New England Collegiate Baseball League ballparks offer history, community spirit
Aug 10, 2011
Courtesy of Society for American Baseball Research
By Paul Edwards
Unlike any other sport, the history of baseball is intertwined with the American psyche. The game’s development reflects the joyous — and sometimes tumultuous — nature of America’s rich cultural tapestry. Ardent baseball fans are often drawn to the game because of its history, while casual fans enjoy a pleasant sense of nostalgia that only baseball can provide. Baseball fields and ballparks provide a tangible place where history was made, offering visitors a timeless sense of place and identity.
This connection with our collective past can be found at the ballparks around the New England Collegiate Baseball League. These intimate venues provide baseball fans with a gratifying experience. Here is a look at three of the NECBL’s finest parks: Cardines Field in Newport, Rhode Island; Fraser Field in Lynn, Massachusetts; and The Ball Park in Old Orchard Beach, Maine.
Bernardo Cardines Memorial Field in Rhode Island is home to the Newport Gulls. It was built in 1936 through the Works Progress Administration. Since then, some of baseball’s greatest stars — including major leaguers such as Jimmie Foxx and Satchel Paige, and many players on barnstorming Negro League teams — have played in the ballpark’s cozy confines.
Upon entering downtown Newport, on America’s Cup Way, Cardines Field presents a curious feature of the landscape. From the street, Cardines Field looks like a small wooden building with a short stone fence separating the sidewalk from an inner walkway around the stadium. Once inside the ballpark, there are wooden bleachers (some covered) that range from five to 10 rows deep, wrapping around the field between first base and third base.
Down the first-base line, beyond the stadium’s concession stand, is a patio where a local bar’s back door abuts the foul territory in right field. Just past the pub patio is a low-slung, two-story storage building that acts as the end of the right-field foul line. In the outfield, a 30-foot-high chain-link fence, with dimensions ranging from 285 feet down the right-field line to 395 in center field, encases the field of play. Finally, on the first-base side are both the home and visiting team's dugouts, situated side-by-side like at a hockey rink. The atmosphere at Cardines Field is family-friendly and festive, and a ballgame there captures the essence of baseball’s magic.
Another ballpark with its own unique characteristics is the home field of the North Shore Navigators, Fraser Field in Lynn, Massachusetts. Another WPA project, this one built in 1940, Fraser Field is nestled neatly in a bustling working-class neighborhood north of Boston. The ballpark serves as a refuge from the snarling traffic plodding along Western Avenue. Since the ballpark was built, it has been the home field for several minor league franchises, and has seen players such as Roy Campanella and Roger Clemens take the field.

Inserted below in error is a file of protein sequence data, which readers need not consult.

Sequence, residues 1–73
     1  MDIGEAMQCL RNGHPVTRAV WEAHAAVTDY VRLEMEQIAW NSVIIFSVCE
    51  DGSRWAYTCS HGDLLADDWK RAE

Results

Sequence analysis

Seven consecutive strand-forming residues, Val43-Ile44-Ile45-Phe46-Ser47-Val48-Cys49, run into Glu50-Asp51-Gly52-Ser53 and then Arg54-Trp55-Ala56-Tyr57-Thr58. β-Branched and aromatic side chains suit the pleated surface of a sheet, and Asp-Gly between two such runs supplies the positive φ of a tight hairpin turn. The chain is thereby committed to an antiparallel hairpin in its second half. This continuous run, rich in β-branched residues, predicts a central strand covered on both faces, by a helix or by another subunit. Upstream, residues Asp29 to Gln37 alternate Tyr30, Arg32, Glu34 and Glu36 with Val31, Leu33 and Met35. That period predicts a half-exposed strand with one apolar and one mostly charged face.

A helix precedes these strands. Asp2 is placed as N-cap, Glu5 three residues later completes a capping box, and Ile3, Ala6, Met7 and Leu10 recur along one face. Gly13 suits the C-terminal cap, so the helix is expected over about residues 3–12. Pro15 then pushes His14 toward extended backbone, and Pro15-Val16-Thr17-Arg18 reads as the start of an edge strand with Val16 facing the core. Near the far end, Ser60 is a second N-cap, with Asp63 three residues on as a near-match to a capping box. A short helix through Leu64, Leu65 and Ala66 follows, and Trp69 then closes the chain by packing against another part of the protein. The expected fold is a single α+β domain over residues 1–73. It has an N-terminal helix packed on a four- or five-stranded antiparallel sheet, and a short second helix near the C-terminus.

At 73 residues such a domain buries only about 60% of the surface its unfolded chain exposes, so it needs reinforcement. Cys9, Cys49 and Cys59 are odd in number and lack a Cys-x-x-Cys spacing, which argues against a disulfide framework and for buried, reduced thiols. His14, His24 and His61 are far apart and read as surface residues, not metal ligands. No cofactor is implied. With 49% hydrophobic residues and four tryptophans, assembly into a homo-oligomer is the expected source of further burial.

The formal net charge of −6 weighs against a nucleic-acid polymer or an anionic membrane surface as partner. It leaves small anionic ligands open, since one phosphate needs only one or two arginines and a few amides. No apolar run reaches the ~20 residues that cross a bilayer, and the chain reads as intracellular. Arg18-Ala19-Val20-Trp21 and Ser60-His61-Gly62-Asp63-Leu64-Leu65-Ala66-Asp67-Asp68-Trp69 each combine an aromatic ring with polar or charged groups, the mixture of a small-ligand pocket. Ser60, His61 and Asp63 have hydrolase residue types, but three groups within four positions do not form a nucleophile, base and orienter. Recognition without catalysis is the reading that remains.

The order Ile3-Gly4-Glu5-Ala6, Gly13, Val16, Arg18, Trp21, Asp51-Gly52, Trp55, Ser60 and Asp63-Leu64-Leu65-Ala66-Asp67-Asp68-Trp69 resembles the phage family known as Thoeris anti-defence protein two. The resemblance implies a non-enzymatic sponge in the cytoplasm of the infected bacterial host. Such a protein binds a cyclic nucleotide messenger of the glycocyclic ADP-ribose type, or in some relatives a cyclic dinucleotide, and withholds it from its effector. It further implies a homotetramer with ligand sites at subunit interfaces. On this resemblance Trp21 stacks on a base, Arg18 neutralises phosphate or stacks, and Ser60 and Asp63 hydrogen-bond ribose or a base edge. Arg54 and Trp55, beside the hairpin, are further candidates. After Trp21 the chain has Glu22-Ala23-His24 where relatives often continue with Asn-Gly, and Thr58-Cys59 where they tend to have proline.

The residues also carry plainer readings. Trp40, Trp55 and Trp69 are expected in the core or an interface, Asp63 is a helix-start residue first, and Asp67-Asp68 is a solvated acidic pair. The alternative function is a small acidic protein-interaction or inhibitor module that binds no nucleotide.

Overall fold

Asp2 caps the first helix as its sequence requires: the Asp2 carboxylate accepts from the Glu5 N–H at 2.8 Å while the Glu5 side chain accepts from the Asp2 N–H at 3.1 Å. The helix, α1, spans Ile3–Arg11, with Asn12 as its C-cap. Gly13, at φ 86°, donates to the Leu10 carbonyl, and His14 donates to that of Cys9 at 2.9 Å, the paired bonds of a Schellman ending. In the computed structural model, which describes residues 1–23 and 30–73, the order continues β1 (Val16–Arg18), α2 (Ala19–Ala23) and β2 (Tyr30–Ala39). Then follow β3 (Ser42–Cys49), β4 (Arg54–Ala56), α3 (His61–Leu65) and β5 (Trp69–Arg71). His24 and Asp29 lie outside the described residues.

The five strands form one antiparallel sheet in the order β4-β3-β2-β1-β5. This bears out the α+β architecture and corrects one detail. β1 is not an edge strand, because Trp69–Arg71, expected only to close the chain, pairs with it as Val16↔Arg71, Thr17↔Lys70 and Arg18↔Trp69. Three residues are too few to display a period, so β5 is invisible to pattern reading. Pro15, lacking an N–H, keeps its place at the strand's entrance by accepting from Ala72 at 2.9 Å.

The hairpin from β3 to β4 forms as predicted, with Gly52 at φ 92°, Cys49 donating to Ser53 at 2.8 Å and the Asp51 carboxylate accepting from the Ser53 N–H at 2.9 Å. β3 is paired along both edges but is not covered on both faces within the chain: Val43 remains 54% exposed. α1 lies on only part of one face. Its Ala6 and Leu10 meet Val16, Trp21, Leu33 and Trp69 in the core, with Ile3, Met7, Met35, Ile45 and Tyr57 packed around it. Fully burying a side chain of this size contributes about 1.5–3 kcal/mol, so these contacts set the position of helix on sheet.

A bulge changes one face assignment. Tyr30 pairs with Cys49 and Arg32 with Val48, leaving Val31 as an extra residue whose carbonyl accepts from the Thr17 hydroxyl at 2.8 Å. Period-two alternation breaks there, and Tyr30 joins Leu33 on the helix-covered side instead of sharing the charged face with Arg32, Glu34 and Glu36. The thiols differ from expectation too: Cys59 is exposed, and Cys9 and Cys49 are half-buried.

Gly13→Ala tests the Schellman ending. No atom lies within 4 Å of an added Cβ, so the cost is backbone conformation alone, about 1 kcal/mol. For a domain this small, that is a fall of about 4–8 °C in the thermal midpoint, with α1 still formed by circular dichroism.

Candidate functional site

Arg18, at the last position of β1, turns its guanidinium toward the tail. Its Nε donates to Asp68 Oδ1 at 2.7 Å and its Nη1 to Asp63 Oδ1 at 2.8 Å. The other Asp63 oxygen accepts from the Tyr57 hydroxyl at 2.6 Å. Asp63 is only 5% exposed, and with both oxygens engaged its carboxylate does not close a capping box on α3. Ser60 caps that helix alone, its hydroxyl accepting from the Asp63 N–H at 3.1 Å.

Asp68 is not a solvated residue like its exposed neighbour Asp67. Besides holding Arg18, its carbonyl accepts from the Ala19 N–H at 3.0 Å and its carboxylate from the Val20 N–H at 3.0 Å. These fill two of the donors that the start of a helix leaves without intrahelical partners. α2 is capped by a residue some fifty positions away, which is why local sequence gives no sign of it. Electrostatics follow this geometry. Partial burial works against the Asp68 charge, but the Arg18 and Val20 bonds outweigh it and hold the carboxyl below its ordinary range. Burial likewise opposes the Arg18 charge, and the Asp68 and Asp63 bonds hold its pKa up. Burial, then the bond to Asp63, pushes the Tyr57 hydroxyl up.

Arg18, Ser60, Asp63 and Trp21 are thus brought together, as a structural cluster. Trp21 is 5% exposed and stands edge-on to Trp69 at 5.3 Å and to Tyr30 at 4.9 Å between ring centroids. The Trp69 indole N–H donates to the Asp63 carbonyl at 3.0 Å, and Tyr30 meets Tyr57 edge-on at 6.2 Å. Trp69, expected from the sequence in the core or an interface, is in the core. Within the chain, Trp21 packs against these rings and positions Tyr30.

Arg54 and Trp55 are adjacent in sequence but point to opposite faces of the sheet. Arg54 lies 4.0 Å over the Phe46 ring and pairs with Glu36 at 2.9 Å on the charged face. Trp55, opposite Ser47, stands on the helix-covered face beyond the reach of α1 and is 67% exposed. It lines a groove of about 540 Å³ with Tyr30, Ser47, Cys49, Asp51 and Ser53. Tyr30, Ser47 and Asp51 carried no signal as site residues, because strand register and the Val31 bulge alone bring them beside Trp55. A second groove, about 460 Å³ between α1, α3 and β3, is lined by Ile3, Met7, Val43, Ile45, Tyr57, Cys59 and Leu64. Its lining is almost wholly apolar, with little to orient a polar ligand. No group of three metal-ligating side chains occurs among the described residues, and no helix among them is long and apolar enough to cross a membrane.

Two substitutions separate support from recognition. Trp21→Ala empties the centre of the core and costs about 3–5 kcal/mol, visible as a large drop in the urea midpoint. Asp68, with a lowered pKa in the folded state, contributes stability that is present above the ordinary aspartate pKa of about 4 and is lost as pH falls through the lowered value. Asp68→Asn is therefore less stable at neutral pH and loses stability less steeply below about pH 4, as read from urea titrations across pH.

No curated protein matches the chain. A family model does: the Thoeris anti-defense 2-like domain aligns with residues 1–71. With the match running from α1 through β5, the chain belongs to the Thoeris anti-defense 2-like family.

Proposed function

The infield surface is FieldTurf, while the outfield is natural grass. An impressive cantilevered roof covers many of the seats and sightlines along the concourse level provide an exceptional view of the action on the field.
Another fine NECBL ballpark is The Ball Park at Old Orchard Beach, Maine. A relative newcomer, the stadium was home to a couple of Triple-A franchises from 1984 to 1988. This summer, the Old Orchard Beach Raging Tide brought life back to the ballpark. Still, at first glance, the stadium appears to be a ghost town of some bygone baseball era, with few of the bells and whistles that one might associate with today’s state-of-the-art ballparks.
Here, the people of Old Orchard Beach have brought back more than baseball; they have brought back service with a smile. Visitors are greeted warmly by the team’s staff and are made to feel right at home. The concession stand features traditional grilled hamburgers and hot dogs, but also Maine favorites as homemade whoopee, blueberry, and apple pies. There is not a bad seat in the stadium, as all the seats have chair-backs and are right on top of the action on the field.
All of the ballparks across the NECBL provide a high quality of entertainment for fans of all ages. If you are a fan of baseball the way it is meant to be enjoyed, take in an NECBL game; you will be glad that you did.
Paul Edwards is a member of the Society for American Baseball Research. Learn more by visiting http://SABR.org.
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